In his testimony August 1 before the Senate Environment and Public Works Committee, climate scientist John Christy revealed the results of his latest work showing “clear evidence … that extreme high temperatures are not increasing in frequency, but actually appear to be decreasing.” Christy does his research at the University of Alabama, monitoring global temperature changes through remote satellite sensing which he developed along with a partner, Roy Spencer. For his efforts, Christy has been awarded NASA’s Medal for Exceptional Scientific Achievement and the American Meteorological Society’s “Special Award.”
In his testimony, Christy presented evidence that current concerns about recent events — heat waves, wild fires, droughts, freak storms, and flooding — do not in fact reflect climate change (global warming) caused by humans, and concerns about human-caused global warming are in fact overblown. What Christy did was analyze the number of state record high and low temperatures, by decade, and concluded that “since 1960, there have been more all-time cold records set than hot records in each decade.”
When critics noted that there are only 50 states with this data — a possibly statistically insignificant number from which to draw such conclusions — Christy then looked at “the year-by-year numbers of daily all-time record high temperatures from a set of 970 weather stations with at least 80 years of record,” and found that additional data not only confirmed his original conclusion, but expanded it: There were several years with more than 6,000 record-setting highs before 1940, but no years with over 5,000 record highs after 1954.
He then went on to explain that since tracking temperature change is a long-term proposition, he created 10-year moving averages of temperatures recorded from 704 stations that had at least 100 years of data. The result? Average high temperatures have dropped significantly since the 1930s, with averages running at about half of those recorded back then.
He then answered the question he knew panelists would be asking: What about 2012? Isn’t the continuing string of unseasonably hot temperatures being experienced across the country evidence of global warming?
Based on his analysis of record high temperatures in seven central U.S. states and the West Coast, the current continuing heat wave “is smaller than previous events” going back to the 1930’s. Christy then went on to answer the same question about the current drought, with the same answer: There is no discernible trend toward excessive drought conditions when compared to data going back to the year 1900.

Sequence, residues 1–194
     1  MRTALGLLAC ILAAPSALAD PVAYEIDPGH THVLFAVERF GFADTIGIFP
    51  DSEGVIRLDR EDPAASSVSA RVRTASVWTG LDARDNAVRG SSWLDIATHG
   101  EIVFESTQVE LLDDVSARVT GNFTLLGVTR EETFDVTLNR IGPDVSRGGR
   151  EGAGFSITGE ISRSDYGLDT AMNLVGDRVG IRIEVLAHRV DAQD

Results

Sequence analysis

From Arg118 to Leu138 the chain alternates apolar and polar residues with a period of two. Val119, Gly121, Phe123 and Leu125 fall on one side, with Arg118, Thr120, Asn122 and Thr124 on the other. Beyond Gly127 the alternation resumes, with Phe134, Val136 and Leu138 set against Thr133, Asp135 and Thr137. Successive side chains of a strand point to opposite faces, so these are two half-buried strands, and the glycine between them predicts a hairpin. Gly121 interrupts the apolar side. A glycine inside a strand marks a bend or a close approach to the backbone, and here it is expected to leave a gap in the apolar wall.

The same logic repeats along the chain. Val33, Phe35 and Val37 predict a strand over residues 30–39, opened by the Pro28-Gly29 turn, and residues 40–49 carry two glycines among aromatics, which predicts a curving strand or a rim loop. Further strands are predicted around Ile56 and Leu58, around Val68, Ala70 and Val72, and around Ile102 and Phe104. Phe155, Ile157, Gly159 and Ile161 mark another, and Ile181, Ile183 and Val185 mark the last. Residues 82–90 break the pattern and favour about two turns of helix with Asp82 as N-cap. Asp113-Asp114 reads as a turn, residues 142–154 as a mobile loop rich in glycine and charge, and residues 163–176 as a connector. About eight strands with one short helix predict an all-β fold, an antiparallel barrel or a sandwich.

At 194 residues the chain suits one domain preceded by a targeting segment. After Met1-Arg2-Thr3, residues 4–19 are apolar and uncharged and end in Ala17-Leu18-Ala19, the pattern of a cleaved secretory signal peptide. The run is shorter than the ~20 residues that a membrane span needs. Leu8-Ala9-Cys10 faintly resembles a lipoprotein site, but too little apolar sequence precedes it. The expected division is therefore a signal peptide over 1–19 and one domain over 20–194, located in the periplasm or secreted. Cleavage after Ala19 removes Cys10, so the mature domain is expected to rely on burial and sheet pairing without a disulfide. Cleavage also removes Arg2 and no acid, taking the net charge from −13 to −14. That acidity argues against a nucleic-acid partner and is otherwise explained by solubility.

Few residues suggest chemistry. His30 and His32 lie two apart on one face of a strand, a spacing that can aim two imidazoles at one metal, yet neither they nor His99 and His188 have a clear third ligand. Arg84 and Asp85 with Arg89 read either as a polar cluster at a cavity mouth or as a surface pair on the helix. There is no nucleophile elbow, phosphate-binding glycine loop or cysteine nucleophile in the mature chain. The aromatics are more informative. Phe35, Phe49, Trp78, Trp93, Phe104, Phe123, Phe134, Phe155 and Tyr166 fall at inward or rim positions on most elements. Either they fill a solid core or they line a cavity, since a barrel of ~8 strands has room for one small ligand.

Christy goes where the data takes him, without apparent ideological overtones or agendas. In 2003, Christy co-authored a study for the American Geophysical Union (AGU) — back when the global warming crowd was coming into full bloom — which concluded that human activities were warming Earth’s climate at a faster rate than ever before.
But in a telephone interview following the publishing of that study, Christy warned about being too dogmatic:
It is scientifically inconceivable that after changing forests into cities, turning millions of acres into farmland, putting massive quantities of soot and dust into the atmosphere and sending quantities of greenhouse gases into the air, that the natural course of climate change hasn't been increased in the past century …
[But I am] still a strong critic of scientists who make catastrophic predictions of huge increases in global temperatures and tremendous rises in sea levels.
Christy continued his research, and when the AGU issued a follow-up statement in 2007, Christy backed away from it. In an interview with Fortune magazine, Christy said:
As far as the [2003 statement from] the AGU [is concerned], I thought that was a fine statement because it did not put forth a magnitude of the warming. We just said that human effects have a warming influence, and that's certainly true. There was nothing about disaster or catastrophe. In fact, I was very upset about the latest AGU statement [in 2007]. It was about as alarmist as you can get.
His work, and his commitment to take it where it led him, resulted in his writing an editorial for the Wall Street Journal that separated him from many of his colleagues:
I'm sure the majority (but not all) of my IPCC colleagues cringe when I say this, but I see neither the developing catastrophe nor the smoking gun proving that human activity is to blame for most of the warming we see.
Christy was referring to the UN-established Intergovernmental Panel on Climate Change (IPCC), which is blatant in its support of the Kyoto Protocol. Its primary activity is publishing special reports on topics supportive of the implementation of that treaty. But Christy appears not to care much about what those colleagues think. In 2009, he told the U.S. House Ways and Means Committee:
From my analysis, the actions being considered to “stop global warming” will have an imperceptible impact on whatever the climate will do, while making energy more expensive, and thus have a negative impact on the economy as a whole. We have found that climate models and popular surface temperature data sets [like those of the IPCC] overstate the changes in the real atmosphere and that actual changes are not alarming.
Coming from such a stalwart defender and practitioner of the scientific method which, according to the Oxford English Dictionary, is “a method or procedure that consists in [the] systematic observation, measurement, and experiment, and the formulation, testing, and modification of hypotheses,” whereby such work lets reality speak for itself, Christy is sure to infuriate those whose minds are already made up about “global warming” — oops, man-made climate change — and don’t want to become confused by the facts.